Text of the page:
By Rebecca Bulnes
By Laurie Charles
By Chuck Strouse
By Lee Zimmerman
By Laurie Charles
By Falyn Freyman
By Hans Morgenstern
"Ric told us we couldn't drink," he grouses. "I thought, 'That must be his policy, because he wants to get a better performance.' But the thing is, we give better performances if we have beer. It's more laid-back, we're more comfortable, it sounds more like us. Why would you want Guided by Voices to make a record that doesn't sound like Guided by Voices? That's what threw me about being on a bigger label: You knew what we were, you know who we are -- why would you want to change us completely and make us sound not like Guided by Voices? When I worked with Ric and Rob or any producer, they geared the songs toward radio. So they have this tendency to say, 'You need to do the verse three times instead of twice, and do the chorus an extra time,' and I don't like that. I like when things are to the point and get in and get out real quick."
Worse, Pollard reports, he battled Ocasek and TVT over a preciously creamy left-field ballad about which he instantly had doubts, since it sounded too pretty for GBV. "I thought 'Hold on Hope' [included on Do the Collapse] was out of bounds from the way I typically write songs. The chord progressions, in my opinion, were a little too predictable." But Ocasek loved it, and TVT insisted on sapping it up with synthetic strings until it "sounded like a skate-rink song. I get to the point where I don't like people telling me what to do," Pollard says sharply. "I told them, 'I cannot let you release that.' So we fought. I thought it was career-destroying. I developed a bad taste in my mouth about that song, and I don't ever want to hear 'Hold on Hope' again."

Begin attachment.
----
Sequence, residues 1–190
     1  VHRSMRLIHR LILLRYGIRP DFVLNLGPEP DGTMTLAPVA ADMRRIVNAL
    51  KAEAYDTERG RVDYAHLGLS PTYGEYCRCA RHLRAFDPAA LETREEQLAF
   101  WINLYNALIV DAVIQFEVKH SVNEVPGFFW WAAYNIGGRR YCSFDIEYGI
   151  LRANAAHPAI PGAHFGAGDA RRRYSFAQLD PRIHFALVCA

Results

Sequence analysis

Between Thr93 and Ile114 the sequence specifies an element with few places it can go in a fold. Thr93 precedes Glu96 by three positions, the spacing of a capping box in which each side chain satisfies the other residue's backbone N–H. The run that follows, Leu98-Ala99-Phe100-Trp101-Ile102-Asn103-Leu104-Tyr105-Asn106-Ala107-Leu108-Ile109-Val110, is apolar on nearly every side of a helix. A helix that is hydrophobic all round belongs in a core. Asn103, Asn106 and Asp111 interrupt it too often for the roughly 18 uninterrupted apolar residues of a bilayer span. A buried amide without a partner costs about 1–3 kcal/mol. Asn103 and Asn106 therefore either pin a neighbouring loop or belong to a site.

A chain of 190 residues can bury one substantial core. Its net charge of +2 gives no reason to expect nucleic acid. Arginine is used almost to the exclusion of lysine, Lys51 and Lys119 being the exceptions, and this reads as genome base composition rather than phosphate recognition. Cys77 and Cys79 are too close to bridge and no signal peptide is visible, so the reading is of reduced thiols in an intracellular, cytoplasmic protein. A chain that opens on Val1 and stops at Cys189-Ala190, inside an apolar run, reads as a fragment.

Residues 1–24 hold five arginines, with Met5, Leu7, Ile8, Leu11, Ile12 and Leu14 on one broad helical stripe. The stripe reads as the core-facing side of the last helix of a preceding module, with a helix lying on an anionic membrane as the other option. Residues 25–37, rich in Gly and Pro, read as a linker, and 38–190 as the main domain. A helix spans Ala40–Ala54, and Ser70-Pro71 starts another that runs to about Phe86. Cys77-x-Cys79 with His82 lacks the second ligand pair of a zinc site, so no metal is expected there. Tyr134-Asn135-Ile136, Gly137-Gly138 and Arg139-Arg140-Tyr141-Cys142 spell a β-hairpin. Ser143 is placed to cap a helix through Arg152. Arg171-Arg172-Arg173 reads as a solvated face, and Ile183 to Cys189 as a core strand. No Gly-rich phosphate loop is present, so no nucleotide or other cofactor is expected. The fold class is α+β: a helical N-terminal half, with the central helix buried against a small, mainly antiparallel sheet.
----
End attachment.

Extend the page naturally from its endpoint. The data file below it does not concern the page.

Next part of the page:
In fact, though it was released as a single, Pollard will not allow Matador to include "Hold on Hope" on an upcoming box set consisting of a 30-song, career-spanning greatest-hits album; a live disc; a DVD of the band's videos; plus platters of rare and unreleased tunes, including the long-out-of-print debut EP, Forever Since Breakfast.
Prolific even as he reaches 45 years old this Halloween, Pollard not only releases a Guided by Voices album approximately every year but through his Fading Captain series, he builds upon a stunning, ever-growing outcropping of solo and collaborative works as well. The latest installments include a variety of limited-edition seven-inch singles and a pair of stellar albums produced with ex-GBV veteran Tobin Sprout, under the heading Airport Five.
"It kills me when people say, 'You're putting your solo career in front of Guided by Voices,'" Pollard gripes. "It's all Guided by Voices! My solo career is Guided by Voices. If it's my name, it's my baby." Pollard's songwriting compulsion -- he feels rotten if a day goes by and he hasn't knocked out a few tunes -- may well continue for the rest of his life and into the next. "I hope that after I die," he says, "I can continue to write songs there too."
Even an open-minded label like Matador needs to meddle to a degree (it overruled him on Universal Truths' first single, putting forth the zippy "Everywhere With Helicopter" instead of the galloping "Back to the Lake" or the keening, catchier-than-Velcro "Cheyenne"). "They think they know what constitutes a single in this day and age, and they probably do," Pollard sighs. "I'm kinda stuck in the Sixties and Seventies." But he'll end up following their suggestions. "You make concessions," he says, "because they believe in you."
Possibly Matador believes the band will finally have the hit fans and friends know is overdue. But Guided by Voices has tried before: with the punchy, Cars-esque "Teenage FBI" that leads off Do the Collapse, it had its best shot, but it tanked commercially. Pollard knows not to expect anything but another outpouring of material from his busy pen.
"Even with the resurgence of rock -- the Vines and the Hives and the Strokes and the White Stripes and all that -- we don't even fit in. Although those bands kind of like us, we just swim out there on our own."